2 Answers | Add Yours
The poet continues on to bid his love goodbye, and we see in this last stanza why he has been asserting his love in such strong terms. He is leaving, and he seems to want to convince his lady friend of his love before he departs. He does promise her that he will be back, even if he has to travel 10,000 miles. This bit of hyperbole (10,000 miles is about 1/3 of the whole earth and certainly a great deal of area to cover in Burns' day!) is the final touch in his profession of love.
This poem is about the poet's love for a young girl (a bonnie lass). He uses two main similes to explain the beauty of his love. Keep in mind that these similes have become stale now because they have been said thousands of times. But at the time of this poem, they were fresher. He says that his love is like a rose (beautiful) that's "newly sprung" (fresh). He also says that it is like a "melody" or song that is "sweetly played" or beautiful. So he starts the poem with a declaration of the beauty of his new love. It is also interesting that he uses a simile with something from the natural world (roses) as well as something made by people (songs).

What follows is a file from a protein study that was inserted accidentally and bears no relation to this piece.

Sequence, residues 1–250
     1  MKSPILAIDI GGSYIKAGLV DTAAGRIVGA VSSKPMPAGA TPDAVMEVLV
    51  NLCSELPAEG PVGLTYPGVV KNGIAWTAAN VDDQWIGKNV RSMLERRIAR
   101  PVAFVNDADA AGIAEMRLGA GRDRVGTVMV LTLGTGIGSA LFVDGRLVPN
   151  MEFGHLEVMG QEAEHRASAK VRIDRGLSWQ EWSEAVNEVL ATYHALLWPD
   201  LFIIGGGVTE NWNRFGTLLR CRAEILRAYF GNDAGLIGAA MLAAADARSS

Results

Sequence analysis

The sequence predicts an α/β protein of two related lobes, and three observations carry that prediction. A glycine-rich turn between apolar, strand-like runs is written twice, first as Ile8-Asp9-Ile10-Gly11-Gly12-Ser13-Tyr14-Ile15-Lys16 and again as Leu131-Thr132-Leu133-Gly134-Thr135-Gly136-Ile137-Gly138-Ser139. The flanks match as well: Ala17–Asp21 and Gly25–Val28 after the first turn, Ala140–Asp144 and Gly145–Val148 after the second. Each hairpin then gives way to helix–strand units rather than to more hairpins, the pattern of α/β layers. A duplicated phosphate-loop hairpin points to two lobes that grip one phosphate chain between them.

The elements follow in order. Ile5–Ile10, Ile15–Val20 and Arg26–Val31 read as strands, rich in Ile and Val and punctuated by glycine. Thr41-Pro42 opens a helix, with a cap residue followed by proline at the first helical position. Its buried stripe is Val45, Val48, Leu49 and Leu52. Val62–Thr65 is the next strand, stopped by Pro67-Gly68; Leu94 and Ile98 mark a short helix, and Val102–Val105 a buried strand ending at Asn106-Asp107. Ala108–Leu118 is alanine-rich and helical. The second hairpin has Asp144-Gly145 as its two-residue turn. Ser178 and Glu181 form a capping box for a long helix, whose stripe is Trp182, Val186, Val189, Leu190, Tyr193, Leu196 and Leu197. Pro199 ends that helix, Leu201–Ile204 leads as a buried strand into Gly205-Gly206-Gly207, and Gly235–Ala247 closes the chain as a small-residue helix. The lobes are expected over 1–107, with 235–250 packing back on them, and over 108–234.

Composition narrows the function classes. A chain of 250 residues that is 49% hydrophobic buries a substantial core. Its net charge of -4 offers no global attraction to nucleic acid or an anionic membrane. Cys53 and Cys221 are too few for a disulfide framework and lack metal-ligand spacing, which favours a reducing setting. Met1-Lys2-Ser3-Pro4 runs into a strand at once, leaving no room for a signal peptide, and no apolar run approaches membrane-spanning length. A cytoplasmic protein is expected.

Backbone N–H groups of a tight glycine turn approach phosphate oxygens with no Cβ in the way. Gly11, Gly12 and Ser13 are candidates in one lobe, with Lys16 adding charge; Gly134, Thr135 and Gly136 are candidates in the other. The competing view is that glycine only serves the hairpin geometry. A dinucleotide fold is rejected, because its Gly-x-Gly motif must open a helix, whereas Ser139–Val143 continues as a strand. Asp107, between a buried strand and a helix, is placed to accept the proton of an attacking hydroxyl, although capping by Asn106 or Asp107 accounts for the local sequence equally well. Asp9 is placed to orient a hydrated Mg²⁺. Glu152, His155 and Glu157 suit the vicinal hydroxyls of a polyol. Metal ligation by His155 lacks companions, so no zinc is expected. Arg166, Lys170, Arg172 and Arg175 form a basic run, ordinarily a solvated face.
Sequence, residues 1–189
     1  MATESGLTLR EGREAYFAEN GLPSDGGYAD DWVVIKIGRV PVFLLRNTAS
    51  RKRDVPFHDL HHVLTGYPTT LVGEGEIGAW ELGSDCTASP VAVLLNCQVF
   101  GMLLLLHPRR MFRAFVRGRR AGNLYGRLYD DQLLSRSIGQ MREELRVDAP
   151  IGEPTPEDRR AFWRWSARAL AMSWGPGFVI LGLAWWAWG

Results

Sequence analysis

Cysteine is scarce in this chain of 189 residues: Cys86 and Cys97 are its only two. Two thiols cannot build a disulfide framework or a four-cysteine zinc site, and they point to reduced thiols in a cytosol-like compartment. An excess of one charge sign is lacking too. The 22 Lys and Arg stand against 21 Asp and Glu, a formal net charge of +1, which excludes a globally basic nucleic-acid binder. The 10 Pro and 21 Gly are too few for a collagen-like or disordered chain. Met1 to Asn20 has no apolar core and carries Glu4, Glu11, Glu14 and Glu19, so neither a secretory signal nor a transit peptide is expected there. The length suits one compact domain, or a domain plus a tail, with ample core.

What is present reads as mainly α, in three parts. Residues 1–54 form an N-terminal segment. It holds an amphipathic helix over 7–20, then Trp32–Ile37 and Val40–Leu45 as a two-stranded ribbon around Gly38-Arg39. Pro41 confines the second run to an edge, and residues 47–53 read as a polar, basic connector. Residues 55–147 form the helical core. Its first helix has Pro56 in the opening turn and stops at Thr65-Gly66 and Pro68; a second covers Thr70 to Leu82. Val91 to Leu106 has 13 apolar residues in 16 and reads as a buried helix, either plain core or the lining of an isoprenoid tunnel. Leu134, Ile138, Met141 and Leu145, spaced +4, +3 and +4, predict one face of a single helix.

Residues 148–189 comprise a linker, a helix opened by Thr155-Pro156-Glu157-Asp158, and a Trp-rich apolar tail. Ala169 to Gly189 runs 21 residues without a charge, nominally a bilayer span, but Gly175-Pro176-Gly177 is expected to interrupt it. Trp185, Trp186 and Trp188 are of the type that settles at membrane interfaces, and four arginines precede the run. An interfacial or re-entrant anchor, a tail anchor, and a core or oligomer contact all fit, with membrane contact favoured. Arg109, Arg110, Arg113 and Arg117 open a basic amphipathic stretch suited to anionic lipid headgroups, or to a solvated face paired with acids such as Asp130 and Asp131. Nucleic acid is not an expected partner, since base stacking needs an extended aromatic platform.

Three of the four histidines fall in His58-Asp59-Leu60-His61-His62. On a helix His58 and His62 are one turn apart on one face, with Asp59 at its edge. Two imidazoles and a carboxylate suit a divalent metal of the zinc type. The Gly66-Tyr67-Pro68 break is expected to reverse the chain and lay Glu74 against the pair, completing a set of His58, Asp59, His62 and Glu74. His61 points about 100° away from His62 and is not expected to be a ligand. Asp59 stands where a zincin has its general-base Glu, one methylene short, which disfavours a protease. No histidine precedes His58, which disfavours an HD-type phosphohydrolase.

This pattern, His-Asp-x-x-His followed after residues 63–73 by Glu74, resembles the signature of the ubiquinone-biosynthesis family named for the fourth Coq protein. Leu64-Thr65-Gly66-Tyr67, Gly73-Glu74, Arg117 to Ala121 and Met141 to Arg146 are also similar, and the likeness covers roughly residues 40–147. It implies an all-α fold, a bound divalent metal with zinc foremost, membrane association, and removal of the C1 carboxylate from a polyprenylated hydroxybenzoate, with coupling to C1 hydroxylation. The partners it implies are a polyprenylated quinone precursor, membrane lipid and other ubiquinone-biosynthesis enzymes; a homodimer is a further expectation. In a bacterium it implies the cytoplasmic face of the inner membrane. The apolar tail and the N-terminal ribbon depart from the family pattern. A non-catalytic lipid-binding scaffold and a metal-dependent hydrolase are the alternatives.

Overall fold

He goes on to state that he will love this young woman "till a' the seas gang dry" or till the seas are dried up. That's a long time. So even though his love is like a rose, it will surely last longer than roses, which are known to fade. Not content to just assert that he will love her till the seas are dry, the poet continues on to say that he will love her till rocks are melted by the sun. As this is not a common occurance, this could be taken to mean that his love will last forever.
Please see the next post for more.
We’ve answered 301,999 questions. We can answer yours, too.Ask a question